“At Clestra, we develop and design our products from scratch, then completely fit out empty buildings from zero to completion,” Habbas told Arab News. “Our work extends to maintenance and after-sales services for all our clients, where we can be on-site for any adjustments needed within 24 hours.”

Habbas said what makes their products special is their move-and-removability, and likened it to the moveable block system made by Lego — the size of partitions can easily be adjusted by adding or removing panels.

“We’re not just selling a product, we’re selling a solution. We believe that Saudi Arabia is in need of the type of flexibility we can bring with our products and expertise, and not to mention the sustainable aspect of reusing our partitions again and again.”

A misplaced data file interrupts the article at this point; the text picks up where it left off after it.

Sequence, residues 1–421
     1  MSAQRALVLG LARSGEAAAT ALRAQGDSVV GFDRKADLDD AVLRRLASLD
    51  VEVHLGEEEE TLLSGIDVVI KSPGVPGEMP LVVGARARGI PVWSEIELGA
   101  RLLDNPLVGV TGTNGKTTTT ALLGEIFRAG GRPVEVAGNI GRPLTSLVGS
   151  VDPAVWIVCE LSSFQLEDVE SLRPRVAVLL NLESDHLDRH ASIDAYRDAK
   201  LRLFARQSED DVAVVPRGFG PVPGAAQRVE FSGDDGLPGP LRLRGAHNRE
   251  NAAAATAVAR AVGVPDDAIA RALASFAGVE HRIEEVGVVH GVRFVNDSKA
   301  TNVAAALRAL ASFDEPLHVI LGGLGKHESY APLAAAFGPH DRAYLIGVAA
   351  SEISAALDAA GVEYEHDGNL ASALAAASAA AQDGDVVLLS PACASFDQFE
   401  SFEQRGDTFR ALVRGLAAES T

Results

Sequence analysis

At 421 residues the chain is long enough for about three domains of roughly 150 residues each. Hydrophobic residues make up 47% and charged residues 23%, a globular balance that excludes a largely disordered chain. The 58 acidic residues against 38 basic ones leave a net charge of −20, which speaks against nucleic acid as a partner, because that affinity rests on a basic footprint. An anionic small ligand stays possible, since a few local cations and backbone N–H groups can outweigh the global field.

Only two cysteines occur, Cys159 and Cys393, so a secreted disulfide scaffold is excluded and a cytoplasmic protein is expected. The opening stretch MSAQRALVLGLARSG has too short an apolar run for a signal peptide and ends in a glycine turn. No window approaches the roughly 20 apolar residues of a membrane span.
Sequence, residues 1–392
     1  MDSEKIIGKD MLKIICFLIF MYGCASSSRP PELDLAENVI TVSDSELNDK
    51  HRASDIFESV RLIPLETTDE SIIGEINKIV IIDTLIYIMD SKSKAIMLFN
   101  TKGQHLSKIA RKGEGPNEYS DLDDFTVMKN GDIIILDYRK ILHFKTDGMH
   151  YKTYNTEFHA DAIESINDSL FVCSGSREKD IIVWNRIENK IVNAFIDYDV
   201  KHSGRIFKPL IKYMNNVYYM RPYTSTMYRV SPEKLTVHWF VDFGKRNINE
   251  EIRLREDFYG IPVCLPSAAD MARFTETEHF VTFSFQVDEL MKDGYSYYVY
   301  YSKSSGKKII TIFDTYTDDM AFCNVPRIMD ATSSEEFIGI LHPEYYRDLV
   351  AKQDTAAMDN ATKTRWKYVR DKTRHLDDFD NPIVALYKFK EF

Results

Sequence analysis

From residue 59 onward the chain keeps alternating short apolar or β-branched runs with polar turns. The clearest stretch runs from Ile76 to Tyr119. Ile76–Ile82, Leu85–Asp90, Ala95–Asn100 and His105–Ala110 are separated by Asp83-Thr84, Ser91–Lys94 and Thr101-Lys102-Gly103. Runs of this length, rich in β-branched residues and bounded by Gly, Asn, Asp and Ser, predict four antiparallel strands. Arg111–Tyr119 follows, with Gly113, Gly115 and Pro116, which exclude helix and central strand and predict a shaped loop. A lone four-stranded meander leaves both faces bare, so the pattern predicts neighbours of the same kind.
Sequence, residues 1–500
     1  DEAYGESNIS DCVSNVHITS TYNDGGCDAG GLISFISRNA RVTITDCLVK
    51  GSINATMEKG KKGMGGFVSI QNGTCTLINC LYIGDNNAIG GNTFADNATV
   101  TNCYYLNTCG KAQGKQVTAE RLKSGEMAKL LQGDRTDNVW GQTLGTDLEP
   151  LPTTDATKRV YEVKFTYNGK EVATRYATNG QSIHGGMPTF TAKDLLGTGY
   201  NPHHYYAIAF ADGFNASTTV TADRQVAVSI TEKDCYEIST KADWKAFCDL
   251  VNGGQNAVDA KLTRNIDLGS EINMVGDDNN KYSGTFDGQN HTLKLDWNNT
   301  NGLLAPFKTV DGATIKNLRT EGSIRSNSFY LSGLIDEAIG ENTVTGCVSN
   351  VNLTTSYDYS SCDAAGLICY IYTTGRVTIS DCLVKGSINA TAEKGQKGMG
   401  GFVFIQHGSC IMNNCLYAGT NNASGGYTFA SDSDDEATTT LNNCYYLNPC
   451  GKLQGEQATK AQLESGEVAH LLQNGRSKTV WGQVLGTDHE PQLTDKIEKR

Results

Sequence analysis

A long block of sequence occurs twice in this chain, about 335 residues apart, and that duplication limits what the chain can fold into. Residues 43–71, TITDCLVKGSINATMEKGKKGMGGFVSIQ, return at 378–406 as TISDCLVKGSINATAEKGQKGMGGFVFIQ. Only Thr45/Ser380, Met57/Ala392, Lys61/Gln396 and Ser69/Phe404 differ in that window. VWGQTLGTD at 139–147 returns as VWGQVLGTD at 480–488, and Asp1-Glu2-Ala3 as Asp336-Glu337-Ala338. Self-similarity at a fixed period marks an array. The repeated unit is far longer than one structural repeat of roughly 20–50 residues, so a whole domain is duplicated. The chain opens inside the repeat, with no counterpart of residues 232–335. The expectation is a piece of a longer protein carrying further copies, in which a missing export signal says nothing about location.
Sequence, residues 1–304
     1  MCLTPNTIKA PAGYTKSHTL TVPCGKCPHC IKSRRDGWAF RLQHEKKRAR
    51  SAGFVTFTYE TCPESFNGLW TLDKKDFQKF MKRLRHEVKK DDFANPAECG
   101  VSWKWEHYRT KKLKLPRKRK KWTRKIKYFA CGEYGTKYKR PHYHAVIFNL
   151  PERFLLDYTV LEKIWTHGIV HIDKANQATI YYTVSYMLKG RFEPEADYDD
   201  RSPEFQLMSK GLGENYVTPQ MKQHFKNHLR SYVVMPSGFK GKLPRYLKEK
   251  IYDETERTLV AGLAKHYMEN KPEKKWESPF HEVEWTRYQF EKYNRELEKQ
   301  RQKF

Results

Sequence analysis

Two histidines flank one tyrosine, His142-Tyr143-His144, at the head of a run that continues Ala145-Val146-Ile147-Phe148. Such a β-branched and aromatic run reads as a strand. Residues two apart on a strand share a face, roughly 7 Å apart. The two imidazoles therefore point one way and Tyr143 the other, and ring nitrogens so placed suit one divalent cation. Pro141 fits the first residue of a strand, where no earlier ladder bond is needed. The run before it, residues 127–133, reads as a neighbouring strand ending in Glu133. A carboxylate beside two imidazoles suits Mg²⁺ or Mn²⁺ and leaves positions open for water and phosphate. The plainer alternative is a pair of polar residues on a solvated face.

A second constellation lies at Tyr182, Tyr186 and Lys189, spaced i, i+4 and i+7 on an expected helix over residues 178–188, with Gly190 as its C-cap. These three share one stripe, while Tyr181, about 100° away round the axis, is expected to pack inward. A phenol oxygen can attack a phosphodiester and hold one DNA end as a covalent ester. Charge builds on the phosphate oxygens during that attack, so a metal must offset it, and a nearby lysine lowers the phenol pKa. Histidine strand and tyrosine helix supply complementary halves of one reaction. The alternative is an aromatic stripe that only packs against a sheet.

One of their notable projects is at King Saud University, which has more than 200 kilometers of partitions made by the French firm that have been in use for more than 40 years — which speaks to the durability of the product, the secret of which lies in steel and aluminum.

Habbas added that the firm has plans to open a small factory in the first stage, followed a by a larger one in the second, in addition to carrying out workshops that aims to provide knowledge, expertise and training to employees, a move that should provide many jobs.

Fahad Al-Rasheed, CEO of the Royal Commission for Riyadh City said that by 2030 the regional headquarters program will contribute $18 billion to the local economy and create around 30,000 new jobs.

Since the announcement of the Saudi Vision 2030, as well as plans such as the Riyadh Strategy 2030 and the National Investment Strategy, the metropolis has flourished into a regional hub for businesses, trade and plentiful investment opportunities.


Samsung reports 53 percent jump in profit despite supply chain woes